Pay special attention to the detail in Kahn's account. He is a baseball reporter before the internet and ESPN, when an fan's only real contact with the team came from newspapers and radio. His access to the Dodgers is remarkable and his detail spot-on. You follow the team and its players through all the emotional ups and downs of two major league baseball seasons. You go inside the game, as seen from the Dodgers' locker room, with a team that is on the forefront of racial integration.
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1 of 1 people found the following review helpful
5.0 out of 5 stars A Book and Team for the Ages Jan. 2 2003
By "tcd74"
Format:Paperback
One of the first baseball books I read was Boys of Summer by Roger Kahn. I recently reread the book and it hasn't lost any of it's original impact. This isn't a book strictly about baseball, it is a book about life.
Having reread the book I was struck by how much I enjoyed the first part of the book which functions as an autobiography of the authors youth. The parts about his father and mother were very poignant. The reveleation about the importance of a simple game in people's relationships hit close to home.
The second part of the book deals with the players and their stories. Sadly so many of these men have now passed away Robinson, Hodges, Reese, and Campanella. Their stories are powerful but what was even more fascinating to me were the stories of the lesser known players. Billy Cox working in a bar, Carl Furillo working as a labourer, and especially the story of Carl Erskine and his mentally disabled son Jimmy.
I would recommend this book to anybody interested in baseball but I would also urge anybody to read it because it's the story about life, the good and the bad, and the past and the present.
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1 of 1 people found the following review helpful
5.0 out of 5 stars More than a baseball book July 29 2002
Format:Paperback
To use a bit of a cliche, saying that is just a book about baseball is like saying Moby Dick is just a book about a whale. The Boys of Summer deals with one man's different perceptions of baseball players over time, as they change from demigods to mere mortals.
The book starts with Kahn's recollections of childhood, when the Brooklyn Dodgers were heroes. As he reaches adulthood, he is lucky enough to get an opportunity to report on his favorite team, and he learns that these players are more flawed than they seem at a distance. In the second half of the book, it is years later, and Kahn sees what retirement has done to the players.
There was a time that baseball was the dominant sport in the U.S., and there is something sad in seeing these idols - worshipped by kids and adults alike - forced into mundane existences by age. There is more: a lot of insights into racism and various players reactions to integration in baseball.
This is a great book about the Boys of Summer, those Brooklyn Dodgers who played great ball from 1947 to 1957. For fans of baseball, this book is a must-read.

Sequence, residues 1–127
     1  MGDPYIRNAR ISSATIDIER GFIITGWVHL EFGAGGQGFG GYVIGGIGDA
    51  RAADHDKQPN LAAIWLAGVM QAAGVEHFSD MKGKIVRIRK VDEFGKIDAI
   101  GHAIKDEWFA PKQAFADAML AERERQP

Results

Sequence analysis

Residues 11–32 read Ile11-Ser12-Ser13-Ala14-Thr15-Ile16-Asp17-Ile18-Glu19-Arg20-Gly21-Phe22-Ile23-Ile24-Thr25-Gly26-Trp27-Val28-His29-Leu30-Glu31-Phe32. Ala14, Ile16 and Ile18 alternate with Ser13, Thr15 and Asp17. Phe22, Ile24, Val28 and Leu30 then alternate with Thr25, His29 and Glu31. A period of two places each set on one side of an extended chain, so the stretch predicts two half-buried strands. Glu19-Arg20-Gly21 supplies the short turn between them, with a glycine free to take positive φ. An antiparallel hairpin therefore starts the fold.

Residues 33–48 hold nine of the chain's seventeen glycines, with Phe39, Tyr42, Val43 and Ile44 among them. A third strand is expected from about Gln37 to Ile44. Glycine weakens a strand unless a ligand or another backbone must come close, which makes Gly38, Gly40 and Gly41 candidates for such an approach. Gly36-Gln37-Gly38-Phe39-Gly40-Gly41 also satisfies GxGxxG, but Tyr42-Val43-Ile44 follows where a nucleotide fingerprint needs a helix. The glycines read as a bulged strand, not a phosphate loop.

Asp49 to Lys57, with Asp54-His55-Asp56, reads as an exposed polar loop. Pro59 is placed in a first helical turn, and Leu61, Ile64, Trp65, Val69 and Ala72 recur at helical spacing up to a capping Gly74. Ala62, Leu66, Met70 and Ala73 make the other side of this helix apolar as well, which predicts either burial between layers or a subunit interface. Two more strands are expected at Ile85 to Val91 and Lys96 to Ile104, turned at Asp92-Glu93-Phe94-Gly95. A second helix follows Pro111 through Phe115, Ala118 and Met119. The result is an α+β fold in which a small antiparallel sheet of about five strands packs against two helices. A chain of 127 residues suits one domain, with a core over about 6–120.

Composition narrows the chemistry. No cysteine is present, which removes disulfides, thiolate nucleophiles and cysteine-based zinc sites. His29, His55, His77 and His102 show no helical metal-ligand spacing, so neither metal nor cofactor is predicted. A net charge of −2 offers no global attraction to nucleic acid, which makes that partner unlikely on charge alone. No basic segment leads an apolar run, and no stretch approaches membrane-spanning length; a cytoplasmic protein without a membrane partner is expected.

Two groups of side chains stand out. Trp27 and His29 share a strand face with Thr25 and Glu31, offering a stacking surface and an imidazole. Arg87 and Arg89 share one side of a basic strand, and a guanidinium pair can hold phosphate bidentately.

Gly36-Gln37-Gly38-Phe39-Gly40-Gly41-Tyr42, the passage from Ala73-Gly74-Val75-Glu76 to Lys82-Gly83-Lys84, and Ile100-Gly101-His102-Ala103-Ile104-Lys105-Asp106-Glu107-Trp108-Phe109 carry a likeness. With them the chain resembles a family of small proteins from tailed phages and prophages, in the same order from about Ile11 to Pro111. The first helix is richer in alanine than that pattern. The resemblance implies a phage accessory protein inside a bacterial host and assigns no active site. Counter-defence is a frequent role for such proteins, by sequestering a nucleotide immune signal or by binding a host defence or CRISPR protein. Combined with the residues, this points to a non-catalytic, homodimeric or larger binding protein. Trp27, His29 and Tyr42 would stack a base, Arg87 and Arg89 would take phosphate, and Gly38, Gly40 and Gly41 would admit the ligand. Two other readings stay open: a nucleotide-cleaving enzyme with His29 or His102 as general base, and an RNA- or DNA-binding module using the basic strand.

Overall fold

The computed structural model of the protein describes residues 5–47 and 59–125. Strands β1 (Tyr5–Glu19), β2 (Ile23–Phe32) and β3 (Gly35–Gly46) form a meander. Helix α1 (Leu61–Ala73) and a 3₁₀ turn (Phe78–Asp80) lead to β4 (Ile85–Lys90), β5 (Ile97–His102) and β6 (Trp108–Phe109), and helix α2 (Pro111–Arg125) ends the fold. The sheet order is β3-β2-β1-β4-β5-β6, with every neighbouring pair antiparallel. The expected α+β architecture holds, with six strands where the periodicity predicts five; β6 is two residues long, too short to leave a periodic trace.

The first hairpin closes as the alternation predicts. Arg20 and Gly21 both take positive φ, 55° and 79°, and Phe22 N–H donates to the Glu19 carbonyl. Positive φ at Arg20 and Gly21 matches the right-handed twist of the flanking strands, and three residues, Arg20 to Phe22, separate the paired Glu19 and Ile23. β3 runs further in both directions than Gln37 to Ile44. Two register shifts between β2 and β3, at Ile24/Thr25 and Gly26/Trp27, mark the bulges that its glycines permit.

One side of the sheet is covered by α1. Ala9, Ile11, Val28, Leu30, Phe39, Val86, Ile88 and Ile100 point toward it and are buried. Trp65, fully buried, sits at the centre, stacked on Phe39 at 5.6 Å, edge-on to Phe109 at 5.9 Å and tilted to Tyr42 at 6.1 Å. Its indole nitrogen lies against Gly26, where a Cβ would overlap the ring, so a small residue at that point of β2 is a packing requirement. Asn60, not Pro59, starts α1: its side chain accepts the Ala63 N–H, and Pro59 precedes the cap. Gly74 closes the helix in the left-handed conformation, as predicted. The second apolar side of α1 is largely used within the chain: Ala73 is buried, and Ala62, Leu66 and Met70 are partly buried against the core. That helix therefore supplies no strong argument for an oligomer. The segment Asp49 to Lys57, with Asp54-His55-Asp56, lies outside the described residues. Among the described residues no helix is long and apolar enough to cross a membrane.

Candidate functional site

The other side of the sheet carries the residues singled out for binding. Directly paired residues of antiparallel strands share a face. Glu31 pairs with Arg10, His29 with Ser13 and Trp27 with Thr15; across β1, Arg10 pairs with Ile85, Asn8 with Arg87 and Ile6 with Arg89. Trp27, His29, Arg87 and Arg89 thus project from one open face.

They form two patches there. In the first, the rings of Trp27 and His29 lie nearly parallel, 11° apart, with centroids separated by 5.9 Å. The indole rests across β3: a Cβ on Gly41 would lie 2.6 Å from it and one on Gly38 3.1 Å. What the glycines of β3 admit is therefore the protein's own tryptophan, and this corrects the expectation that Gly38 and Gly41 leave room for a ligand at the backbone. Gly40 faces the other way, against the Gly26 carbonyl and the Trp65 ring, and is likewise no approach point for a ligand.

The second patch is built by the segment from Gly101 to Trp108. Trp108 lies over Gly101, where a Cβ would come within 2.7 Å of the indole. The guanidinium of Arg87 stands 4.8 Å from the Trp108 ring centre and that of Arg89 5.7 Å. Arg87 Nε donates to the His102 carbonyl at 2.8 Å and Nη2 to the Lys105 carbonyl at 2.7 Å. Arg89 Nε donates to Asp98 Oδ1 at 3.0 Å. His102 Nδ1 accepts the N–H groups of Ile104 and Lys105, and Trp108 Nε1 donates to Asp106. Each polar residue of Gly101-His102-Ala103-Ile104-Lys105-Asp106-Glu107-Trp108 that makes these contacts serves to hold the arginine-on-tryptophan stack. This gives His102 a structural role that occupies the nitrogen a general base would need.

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Most recent customer reviews
2.0 out of 5 stars Novelist Strikes Out
Roger Kahn is a journalist and not a novelist. He has merely glued years of sports articles into a long and boring story. If you read the sports page then read the book. Read more
Published 10 months ago by Thomas McCavour
5.0 out of 5 stars Fantastic Book!
If you love to read books on baseball and you don't own this one you are missing out. I own many baseball books and this one is in the top 5.
Published on July 5 2003 by steve
5.0 out of 5 stars A classic that should be required reading for any sports fan
This is one of the books that I had considered reading since I was a young man in love with baseball for the first time. Read more
Published on May 18 2003 by Robert Wellen
4.0 out of 5 stars Boys of Summer, Yes -Kahn,no
Although I enjoyed the book, I'm sorry now that I spent the money on Mr. Kahn. Given Mr. Kahn's anti-American spew to the people in Cooperstown (a holy place! Read more
Published on April 11 2003 by G. Crum
5.0 out of 5 stars A Golden Summer Long Ago
It seems strange, looking back over the decades, to think that America seemed so close to perfect. The war was won, everyone had a job, family values ruled, and the Dodgers were in... Read more
Published on March 22 2002 by Peter Mackay
5.0 out of 5 stars As Authentic as it Gets
As a former sportswriter who once covered the Dodgers, I can vouch for the authenticity of Roger Kahn's excellent book about the fabulous Brooklyn days and the tenacious loyalty of... Read more
Published on Feb. 9 2002 by William Hare
5.0 out of 5 stars A Classic Book about a Classic Team
This book is so good that as soon as I finished it, I started reading it again. No wonder it's considered a classic! Read more
Published on Jan. 2 2002 by A reader
2.0 out of 5 stars Half a Good Book
Roger Kahn has shamelessly used the attraction of the great Brooklyn Dodgers to lure people into reading what turns out to be his autobiography/confession/pyscho-therapy session. Read more
Published on Aug. 7 2001 by The Blue Carbuncle
2.0 out of 5 stars Half a Good Book
Roger Kahn has shamelessly used the attraction of the great Brooklyn Dodgers to lure people into reading what turns out to be his autobiography/confession/pyscho-therapy session. Read more
Published on Aug. 7 2001 by The Blue Carbuncle